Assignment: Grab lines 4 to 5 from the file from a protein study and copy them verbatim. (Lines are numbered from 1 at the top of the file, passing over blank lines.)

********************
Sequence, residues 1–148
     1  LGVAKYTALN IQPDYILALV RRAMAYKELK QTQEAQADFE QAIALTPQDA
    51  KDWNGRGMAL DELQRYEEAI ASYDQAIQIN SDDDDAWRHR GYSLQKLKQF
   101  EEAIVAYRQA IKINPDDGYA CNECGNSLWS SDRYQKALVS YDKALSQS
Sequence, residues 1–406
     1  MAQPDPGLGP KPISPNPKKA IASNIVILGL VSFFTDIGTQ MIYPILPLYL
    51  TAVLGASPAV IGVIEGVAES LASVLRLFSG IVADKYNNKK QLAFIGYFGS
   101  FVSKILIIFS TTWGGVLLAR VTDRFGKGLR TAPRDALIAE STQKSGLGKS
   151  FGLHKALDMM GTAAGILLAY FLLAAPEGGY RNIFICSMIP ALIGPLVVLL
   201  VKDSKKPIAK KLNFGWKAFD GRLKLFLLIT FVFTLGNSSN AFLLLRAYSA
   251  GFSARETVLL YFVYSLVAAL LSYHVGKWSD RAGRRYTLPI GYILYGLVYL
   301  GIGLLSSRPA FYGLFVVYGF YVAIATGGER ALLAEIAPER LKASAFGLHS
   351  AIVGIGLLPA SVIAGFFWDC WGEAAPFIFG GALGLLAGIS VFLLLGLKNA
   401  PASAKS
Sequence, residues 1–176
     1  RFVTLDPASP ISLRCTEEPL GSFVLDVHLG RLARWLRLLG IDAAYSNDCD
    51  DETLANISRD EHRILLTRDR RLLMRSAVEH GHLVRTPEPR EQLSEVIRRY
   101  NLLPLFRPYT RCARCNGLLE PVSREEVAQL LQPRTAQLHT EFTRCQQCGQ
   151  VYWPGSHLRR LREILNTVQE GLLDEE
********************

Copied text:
   101  EEAIVAYRQA IKINPDDGYA CNECGNSLWS SDRYQKALVS YDKALSQS
Sequence, residues 1–406